- Bitcoin mining difficulty set to drop by as much as a third on Friday in response to substantial shutdown of mining facilities in China
- Trading strategies that rely on Bitcoin hash rate to determine which are the cryptocurrencies that miners are keen to mine will have factored in the unprecedented drop off in China’s Bitcoin mining activity, but longer term bodes well for the longevity and resilience of the Bitcoin blockchain
Bitcoin just got easier, not necessarily buying Bitcoin of course, but the mathematical puzzle that secures the Bitcoin blockchain and receiving some of that sweet, sweet Bitcoin block reward for your mining efforts.
And this Friday, the roughly biweekly adjustment in Bitcoin’s difficulty level for processing blocks of transactions will see a major shift unlike any seen prior, primarily due to China’s evisceration of Bitcoin miners in the Middle Kingdom.
For the crypto-curious, the mining difficulty dictates how much computing power is needed to solve a complex mathematical puzzle that determines which miner gets the block reward (Bitcoin) for securing the Bitcoin blockchain.
As more Bitcoin miners get in the game, the puzzle becomes more difficult and as less miners participate, it becomes easier to ensure a target rate of one block (confirmation of transactions) occurring every 10 minutes or so.
Based on current estimates according to the online Bitcoin Difficulty Estimator, the mining difficulty is expected to fall by as much as third, as more Bitcoin miners go offline in China.
In the past, a falloff in Bitcoin computing power, known as hash rate, was viewed by traders as a sign that miners are no longer mining Bitcoin, and looking to other cryptocurrencies for better returns, resulting in Bitcoin price weakness.
This time however, most traders are well aware that the sharp drop off in Bitcoin’s hash rate has been driven primarily by China’s crackdown on cryptocurrency mining, in line with the centenary celebration of the founding of the Chinese Communist Party.
As Beijing has rolled out its digital yuan program as a pilot, which now looks set to be extended beyond the pilot phase, tolerance for cryptocurrency activities within China has dramatically decreased.
In 2017, initial coin offerings or ICOs were banned and shortly thereafter cryptocurrency exchanges were banned as well.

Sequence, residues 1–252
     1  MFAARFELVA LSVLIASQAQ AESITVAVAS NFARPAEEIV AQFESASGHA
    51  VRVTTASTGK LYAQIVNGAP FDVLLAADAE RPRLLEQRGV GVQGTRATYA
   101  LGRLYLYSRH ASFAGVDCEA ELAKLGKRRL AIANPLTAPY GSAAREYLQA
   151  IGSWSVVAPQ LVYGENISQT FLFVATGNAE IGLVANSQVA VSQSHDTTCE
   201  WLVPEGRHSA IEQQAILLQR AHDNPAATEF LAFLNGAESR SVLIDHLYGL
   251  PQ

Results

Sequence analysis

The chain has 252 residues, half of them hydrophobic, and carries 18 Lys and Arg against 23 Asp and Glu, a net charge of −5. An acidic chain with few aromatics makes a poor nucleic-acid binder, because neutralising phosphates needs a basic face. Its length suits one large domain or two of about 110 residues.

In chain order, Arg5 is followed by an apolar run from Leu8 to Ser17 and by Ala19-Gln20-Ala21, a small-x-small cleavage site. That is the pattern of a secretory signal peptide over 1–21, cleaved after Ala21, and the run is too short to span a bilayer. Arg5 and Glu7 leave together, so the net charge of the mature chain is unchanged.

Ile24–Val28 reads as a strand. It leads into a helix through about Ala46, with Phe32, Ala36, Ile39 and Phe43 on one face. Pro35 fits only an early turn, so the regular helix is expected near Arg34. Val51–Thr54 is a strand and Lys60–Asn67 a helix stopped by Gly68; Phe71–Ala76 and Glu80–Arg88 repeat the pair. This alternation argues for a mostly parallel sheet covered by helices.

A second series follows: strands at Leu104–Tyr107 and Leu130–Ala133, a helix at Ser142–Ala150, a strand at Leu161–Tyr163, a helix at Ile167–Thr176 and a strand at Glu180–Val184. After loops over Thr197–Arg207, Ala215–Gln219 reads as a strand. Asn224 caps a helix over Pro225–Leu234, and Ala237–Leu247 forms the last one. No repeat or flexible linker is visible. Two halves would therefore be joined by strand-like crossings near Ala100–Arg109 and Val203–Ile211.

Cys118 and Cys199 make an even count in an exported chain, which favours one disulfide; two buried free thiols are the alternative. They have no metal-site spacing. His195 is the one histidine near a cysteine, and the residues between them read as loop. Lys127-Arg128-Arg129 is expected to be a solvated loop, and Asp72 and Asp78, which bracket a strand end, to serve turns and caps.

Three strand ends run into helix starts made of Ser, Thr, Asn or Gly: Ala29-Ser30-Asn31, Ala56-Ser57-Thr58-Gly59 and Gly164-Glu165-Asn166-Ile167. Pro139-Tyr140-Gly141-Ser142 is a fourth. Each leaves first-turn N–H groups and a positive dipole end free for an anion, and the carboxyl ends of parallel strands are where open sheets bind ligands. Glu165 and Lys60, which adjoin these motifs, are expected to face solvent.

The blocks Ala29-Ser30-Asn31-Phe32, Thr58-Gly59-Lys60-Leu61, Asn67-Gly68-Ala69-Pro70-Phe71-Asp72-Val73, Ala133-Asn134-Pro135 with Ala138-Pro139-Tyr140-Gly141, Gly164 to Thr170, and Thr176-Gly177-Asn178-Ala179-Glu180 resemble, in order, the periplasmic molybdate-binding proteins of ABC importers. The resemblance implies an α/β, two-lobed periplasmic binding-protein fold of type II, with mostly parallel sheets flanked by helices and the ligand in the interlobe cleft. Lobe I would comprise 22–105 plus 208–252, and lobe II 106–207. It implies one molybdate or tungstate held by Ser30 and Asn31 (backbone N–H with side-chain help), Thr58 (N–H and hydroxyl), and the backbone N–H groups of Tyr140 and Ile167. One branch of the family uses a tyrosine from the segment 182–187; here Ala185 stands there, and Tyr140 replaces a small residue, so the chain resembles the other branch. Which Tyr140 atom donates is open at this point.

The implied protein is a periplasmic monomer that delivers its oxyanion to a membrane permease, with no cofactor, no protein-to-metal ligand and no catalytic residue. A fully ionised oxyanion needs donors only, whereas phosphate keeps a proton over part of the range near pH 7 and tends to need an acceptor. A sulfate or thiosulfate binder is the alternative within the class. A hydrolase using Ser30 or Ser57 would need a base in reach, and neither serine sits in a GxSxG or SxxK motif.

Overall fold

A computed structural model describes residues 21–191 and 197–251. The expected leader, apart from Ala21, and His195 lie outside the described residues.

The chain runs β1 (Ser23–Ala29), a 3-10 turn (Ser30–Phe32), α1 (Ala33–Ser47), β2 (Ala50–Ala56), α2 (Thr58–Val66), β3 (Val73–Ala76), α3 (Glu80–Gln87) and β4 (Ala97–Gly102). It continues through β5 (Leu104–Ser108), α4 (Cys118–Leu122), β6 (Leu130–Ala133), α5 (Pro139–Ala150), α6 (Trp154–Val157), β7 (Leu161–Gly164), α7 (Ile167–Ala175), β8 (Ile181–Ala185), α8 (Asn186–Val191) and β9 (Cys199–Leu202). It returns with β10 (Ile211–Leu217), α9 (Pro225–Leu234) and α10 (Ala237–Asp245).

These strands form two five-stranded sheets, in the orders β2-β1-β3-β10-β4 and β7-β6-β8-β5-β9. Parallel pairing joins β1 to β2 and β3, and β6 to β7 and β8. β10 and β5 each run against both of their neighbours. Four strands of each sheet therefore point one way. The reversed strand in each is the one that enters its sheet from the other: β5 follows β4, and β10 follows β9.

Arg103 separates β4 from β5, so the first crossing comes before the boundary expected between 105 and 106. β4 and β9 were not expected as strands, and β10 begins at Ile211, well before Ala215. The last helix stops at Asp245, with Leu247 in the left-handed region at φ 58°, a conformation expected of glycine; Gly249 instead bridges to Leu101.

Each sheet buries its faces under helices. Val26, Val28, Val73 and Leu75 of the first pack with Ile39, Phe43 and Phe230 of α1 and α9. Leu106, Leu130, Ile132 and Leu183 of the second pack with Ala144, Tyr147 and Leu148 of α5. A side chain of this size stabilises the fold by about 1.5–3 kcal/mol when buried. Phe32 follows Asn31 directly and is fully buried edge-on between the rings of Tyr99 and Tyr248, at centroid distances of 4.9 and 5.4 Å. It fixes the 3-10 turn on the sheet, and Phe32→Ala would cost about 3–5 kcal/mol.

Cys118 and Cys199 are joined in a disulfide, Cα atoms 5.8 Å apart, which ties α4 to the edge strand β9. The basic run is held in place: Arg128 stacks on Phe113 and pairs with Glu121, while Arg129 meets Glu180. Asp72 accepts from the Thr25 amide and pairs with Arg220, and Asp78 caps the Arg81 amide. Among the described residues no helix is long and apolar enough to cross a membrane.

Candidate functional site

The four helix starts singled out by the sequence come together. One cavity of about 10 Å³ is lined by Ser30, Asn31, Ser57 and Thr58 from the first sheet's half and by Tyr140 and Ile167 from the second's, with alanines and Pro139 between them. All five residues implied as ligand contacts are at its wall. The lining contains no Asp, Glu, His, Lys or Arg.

However, China showed some degree of tolerance for Bitcoin mining activities, primarily because major mining equipment manufacturers and designers such as Bitmain and Canaan were Chinese companies, providing plenty of high-quality jobs and technological innovation in the space.
Bitmain, perhaps sensing the climate, very quickly emphasized that its mining machines could be repurposed for other applications, such as artificial intelligence, although their actual use in such roles has been more of a public relations exercise than anything else.
With Chinese Bitcoin miners pulling the plug on their machines and moving offshore, Bitcoin’s overall hash rate has plummeted, with the time needed to confirm a fresh block extending to as long as 20 minutes.
As the current Bitcoin mining difficulty level was set before Bitcoin mining was shut off in China, processing times have doubled, as over a third of hash rate was taken off.
By design, Bitcoin automatically revises its mining difficulty every 2,016 blocks, or approximately once a fortnight, to ensure that blocks are confirmed roughly once every 10 minutes.
However, the recent drop off in Bitcoin mining hash rate has been unprecedented, creating a window of opportunity for even casual miners using souped-up gaming computers, as the mining difficulty is set to plummet.
How much Bitcoin is actually mined in China is unclear, with the University of Cambridge estimating as of April 2020, that some 65% of Bitcoin mining was based in the Middle Kingdom, while other estimates put the figure as high as 75%.
In any event, the concentration of so much mining capability in one country always posed a risk for the Bitcoin blockchain, especially as it could potentially tempt a government (without mentioning any government specifically) to mount its own 51% attack on the Bitcoin blockchain and taking it down in one fell swoop without having to expend the economic cost of developing mining capacity.
That risk is now being reduced as Bitcoin mining spreads offshore and potentially to other jurisdictions which might not necessarily come down on the decentralized cryptocurrency with an iron fist, and bodes well for the integrity and longevity of Bitcoin.